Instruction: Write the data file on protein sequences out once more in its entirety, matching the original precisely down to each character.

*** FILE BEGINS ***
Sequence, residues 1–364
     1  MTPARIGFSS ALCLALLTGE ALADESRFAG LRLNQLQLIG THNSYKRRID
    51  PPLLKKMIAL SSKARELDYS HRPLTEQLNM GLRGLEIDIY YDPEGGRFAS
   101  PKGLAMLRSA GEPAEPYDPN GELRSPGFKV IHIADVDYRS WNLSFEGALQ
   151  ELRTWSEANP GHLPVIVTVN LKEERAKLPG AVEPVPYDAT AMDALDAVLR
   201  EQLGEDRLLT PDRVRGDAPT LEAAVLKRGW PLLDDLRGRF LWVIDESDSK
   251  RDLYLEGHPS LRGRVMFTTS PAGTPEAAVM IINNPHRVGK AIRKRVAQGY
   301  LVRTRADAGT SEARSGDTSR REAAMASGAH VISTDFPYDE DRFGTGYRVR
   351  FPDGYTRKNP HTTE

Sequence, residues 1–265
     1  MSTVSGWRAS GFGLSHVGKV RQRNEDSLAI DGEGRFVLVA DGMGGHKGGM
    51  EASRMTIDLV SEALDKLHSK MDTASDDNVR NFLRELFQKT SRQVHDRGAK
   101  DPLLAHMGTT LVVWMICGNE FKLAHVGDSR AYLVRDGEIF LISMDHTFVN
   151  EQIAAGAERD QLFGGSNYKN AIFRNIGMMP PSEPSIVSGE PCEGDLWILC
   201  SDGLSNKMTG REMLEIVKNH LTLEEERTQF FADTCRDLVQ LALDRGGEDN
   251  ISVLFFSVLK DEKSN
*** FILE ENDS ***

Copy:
Sequence, residues 1–364
     1  MTPARIGFSS ALCLALLTGE ALADESRFAG LRLNQLQLIG THNSYKRRID
    51  PPLLKKMIAL SSKARELDYS HRPLTEQLNM GLRGLEIDIY YDPEGGRFAS
   101  PKGLAMLRSA GEPAEPYDPN GELRSPGFKV IHIADVDYRS WNLSFEGALQ
   151  ELRTWSEANP GHLPVIVTVN LKEERAKLPG AVEPVPYDAT AMDALDAVLR
   201  EQLGEDRLLT PDRVRGDAPT LEAAVLKRGW PLLDDLRGRF LWVIDESDSK
   251  RDLYLEGHPS LRGRVMFTTS PAGTPEAAVM IINNPHRVGK AIRKRVAQGY
   301  LVRTRADAGT SEARSGDTSR REAAMASGAH VISTDFPYDE DRFGTGYRVR
   351  FPDGYTRKNP HTTE

Sequence, residues 1–265
     1  MSTVSGWRAS GFGLSHVGKV RQRNEDSLAI DGEGRFVLVA DGMGGHKGGM
    51  EASRMTIDLV SEALDKLHSK MDTASDDNVR NFLRELFQKT SRQVHDRGAK
   101  DPLLAHMGTT LVVWMICGNE FKLAHVGDSR AYLVRDGEIF LISMDHTFVN
   151  EQIAAGAERD QLFGGSNYKN AIFRNIGMMP PSEPSIVSGE PCEGDLWILC
   201  SDGLSNKMTG REMLEIVKNH LTLEEERTQF FADTCRDLVQ LALDRGGEDN
   251  ISVLFFSVLK DEKSN